Nissan’s new CEO is rolling up his sleeves on U.S. market


YOKOHAMA, Japan — As Makoto Uchida gears up to rebuild the beleaguered Nissan Motor Co., there is a glaring blank spot on the new CEO’s resume: U.S. work experience.

That might be a challenge for any leader trying to reboot Nissan’s flagging fortunes in that key market. The U.S. is one of the carmaker’s biggest cash cows, but it has devolved into a profit-draining problem child in need of urgent discipline.

Yet, to hear Uchida tell it, his career arc is perfectly suited to the task.

The guitar-playing, car-guy chief executive says he has never stayed in the same job more than two and a half years. He masters one duty, he says, then moves to the next.

“That means one of my strengths is to be very adaptable to different circumstances,” Uchida said in an interview at Nissan’s global headquarters here south of Tokyo.

“I should have an instant ramp-up to knowing about the U.S.,” he predicted.

Uchida’s comments, delivered shortly after taking office Dec. 1, underscore the confidence the 53-year-old brings to the job of forging a “new Nissan” after a year of tumult.

The to-do list is long. Uchida must restore trust in a company still reeling from the November 2018 arrest of its guiding leader, then-Chairman Carlos Ghosn. Making matters worse, Ghosn burst back onto the public scene last week when he jumped bail in Japan and escaped to Lebanon. Ghosn is threatening to air Nissan management’s alleged misdeeds publicly, just as the new CEO is trying to get the company, its retailers and its customers to move on.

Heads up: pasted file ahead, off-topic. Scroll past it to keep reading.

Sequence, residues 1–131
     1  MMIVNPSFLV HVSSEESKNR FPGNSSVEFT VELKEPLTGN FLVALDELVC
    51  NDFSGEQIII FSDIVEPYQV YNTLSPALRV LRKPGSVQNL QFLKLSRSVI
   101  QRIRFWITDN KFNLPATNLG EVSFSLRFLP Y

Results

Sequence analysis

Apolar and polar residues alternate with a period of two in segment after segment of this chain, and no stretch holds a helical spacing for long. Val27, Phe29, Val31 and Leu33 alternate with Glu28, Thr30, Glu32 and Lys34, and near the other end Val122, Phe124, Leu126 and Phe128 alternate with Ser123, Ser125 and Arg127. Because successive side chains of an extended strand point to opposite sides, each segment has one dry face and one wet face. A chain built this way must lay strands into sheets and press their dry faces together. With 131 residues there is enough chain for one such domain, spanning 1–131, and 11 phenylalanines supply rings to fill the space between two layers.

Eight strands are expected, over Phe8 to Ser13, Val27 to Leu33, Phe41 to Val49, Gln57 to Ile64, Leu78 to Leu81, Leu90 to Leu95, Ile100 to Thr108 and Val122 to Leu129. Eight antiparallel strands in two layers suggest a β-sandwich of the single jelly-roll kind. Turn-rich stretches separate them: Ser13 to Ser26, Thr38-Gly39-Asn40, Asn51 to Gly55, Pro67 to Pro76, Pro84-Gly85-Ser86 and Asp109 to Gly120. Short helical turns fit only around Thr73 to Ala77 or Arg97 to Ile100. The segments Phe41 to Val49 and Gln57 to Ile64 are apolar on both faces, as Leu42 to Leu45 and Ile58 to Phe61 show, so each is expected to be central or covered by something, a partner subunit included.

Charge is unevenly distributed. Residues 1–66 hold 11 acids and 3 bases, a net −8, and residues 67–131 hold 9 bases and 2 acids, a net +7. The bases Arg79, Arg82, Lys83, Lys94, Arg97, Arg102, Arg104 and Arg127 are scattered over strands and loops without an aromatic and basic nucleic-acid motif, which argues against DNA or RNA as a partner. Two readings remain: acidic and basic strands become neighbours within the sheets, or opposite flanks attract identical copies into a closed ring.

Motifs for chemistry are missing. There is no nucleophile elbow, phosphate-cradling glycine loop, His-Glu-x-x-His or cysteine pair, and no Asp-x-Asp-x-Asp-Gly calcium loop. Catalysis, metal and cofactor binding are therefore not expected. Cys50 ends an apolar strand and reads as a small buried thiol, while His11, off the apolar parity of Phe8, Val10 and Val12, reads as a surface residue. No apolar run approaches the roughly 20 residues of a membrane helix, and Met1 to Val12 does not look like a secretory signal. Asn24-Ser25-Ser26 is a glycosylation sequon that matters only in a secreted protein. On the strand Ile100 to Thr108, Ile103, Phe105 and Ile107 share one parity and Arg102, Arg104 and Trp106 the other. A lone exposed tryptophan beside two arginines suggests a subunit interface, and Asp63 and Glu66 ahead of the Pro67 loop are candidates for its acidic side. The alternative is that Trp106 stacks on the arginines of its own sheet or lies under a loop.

Uchida also must repair frayed relations with Nissan’s 20-year partner and top shareholder, Renault, and he must somehow reverse the company’s plunging sales and profitability.

As for a U.S. revival, he says, much of that plan is already in motion.

The tough-love strategy was outlined in May by former CEO Hiroto Saikawa. It calls for curbing profit-eroding incentives and fleet sales, even if that results in falling volume in the short term. In the end, the plan is to rebuild U.S. sales to 1.4 million units in the fiscal year ending March 31, 2023, or roughly what it was in 2018.

Uchida says his job is to stay the course and make it a reality.

“A lot of foundation has been built,” Uchida said. “My responsibility is how to make this more visible. That is my mission. To make it visible internally and visible to the customer.”